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I have two questions about JavaScript as an infection vector. The first one is about a user getting infected while visiting a website, and the second is about getting infected by e-mail via attachment.

1) Even if the malware is successfully downloaded by the user, wouldn't he still have to execute it himself to infect his system?

I'm talking about a case where no security holes in plugins like Flash or Java are used. The user would at best have a binary file in his downloads folder, maybe without even knowing it's there. Then what?

2) In malicious emails, why would you send a .js file as attachment that'll download the malware rather than the malware itself directly ?

I've even read about JS files in zip archives. Why? Most tech-illiterate people wouldn't know how to unzip a file and then try to open the document.

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Even if the malware is successfully downloaded by the user, wouldn't he still have to execute it himself to infect his system ?

In the case that no exploit was used the malware has to downloaded and explicitly executed by the user. This is usually done via social engineering, i.e. declare the software as an software update or necessary plugin to view some illegal content, as an antivirus needed to resolve an immediate problem (scareware) or the malware is simply bundled with some software the user likes to use.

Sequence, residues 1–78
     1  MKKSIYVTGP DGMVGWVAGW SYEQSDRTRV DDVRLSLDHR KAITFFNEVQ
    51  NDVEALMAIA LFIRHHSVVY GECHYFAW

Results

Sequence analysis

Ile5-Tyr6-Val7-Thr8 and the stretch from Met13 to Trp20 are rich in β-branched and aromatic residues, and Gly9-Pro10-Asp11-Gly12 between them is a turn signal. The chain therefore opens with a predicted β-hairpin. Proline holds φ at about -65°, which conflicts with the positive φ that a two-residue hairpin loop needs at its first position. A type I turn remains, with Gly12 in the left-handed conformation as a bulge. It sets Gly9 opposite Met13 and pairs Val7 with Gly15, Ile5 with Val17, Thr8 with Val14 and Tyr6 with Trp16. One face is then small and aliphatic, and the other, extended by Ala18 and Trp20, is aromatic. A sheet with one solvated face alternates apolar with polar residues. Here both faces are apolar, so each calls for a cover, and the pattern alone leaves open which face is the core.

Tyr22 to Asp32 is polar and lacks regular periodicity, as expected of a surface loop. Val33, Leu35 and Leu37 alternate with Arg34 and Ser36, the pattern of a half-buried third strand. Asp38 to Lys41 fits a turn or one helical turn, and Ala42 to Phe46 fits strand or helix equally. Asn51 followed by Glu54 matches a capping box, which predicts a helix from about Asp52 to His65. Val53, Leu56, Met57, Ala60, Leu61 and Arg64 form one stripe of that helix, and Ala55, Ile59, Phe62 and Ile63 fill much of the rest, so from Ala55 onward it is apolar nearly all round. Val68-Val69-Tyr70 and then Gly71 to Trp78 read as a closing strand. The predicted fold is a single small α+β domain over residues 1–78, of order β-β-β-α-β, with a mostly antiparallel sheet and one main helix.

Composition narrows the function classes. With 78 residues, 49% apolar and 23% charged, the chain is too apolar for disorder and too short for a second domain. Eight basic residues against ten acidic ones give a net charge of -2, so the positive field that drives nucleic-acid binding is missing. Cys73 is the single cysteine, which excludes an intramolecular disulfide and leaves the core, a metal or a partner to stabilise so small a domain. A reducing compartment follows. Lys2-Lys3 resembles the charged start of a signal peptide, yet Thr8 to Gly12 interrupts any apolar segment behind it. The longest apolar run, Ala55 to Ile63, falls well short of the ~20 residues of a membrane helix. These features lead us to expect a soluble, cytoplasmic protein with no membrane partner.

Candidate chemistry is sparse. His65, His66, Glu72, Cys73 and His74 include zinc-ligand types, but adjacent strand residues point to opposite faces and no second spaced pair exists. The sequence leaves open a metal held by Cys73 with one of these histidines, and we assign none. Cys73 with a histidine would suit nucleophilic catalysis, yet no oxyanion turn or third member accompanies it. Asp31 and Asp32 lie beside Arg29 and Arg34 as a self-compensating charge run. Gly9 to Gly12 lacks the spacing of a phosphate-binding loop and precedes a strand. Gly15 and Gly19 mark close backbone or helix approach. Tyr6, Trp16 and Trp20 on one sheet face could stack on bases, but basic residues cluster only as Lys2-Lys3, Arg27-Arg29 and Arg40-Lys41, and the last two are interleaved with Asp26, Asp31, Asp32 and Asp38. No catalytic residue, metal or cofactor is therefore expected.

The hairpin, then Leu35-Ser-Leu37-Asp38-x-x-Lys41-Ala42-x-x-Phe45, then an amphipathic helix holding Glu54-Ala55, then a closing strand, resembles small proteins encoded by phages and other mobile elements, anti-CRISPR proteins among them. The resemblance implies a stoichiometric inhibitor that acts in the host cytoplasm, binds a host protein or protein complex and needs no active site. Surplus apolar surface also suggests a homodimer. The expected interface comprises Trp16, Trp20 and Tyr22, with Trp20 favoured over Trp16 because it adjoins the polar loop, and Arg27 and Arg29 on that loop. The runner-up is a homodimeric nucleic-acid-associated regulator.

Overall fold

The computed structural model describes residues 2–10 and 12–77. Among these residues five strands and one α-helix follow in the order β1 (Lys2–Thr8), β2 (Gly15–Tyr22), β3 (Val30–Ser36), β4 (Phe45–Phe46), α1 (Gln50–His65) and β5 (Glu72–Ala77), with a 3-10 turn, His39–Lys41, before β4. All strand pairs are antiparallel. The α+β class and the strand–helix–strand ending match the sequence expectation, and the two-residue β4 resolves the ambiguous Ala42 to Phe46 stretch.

In malicious emails, why would you send a .js file as attachment that'll download the malware rather than the malware itself directly ?

The current wave of malware in mails uses .js (or less often .vbs and .wsf) in an archive (mostly .zip). If the file gets extracted from the archive and executed it will not be executed by the browser but by the windows scripting host (WSH). WSH has not the restrictions and safety measures of the browser which means the WSH program can download the file and immediately execute it without needing manual interaction by the user.

Having a .js is more innocent than a .exe or .com as attachment and the chance that it gets blocked by the antivirus is smaller. And usually the .js files are heavily obfuscated and it is impossible to declare a fixed signature for the file or even have a reliable execution inside a sandbox. Additionally the executable file often gets served by the webserver with an innocent content type (i.e. claims to be in image) so that it does not get scanned by the firewall.

  • everyone should change the association of .js files on windows to anything else beside WSH. – dandavis Jul 17 '16 at 12:51

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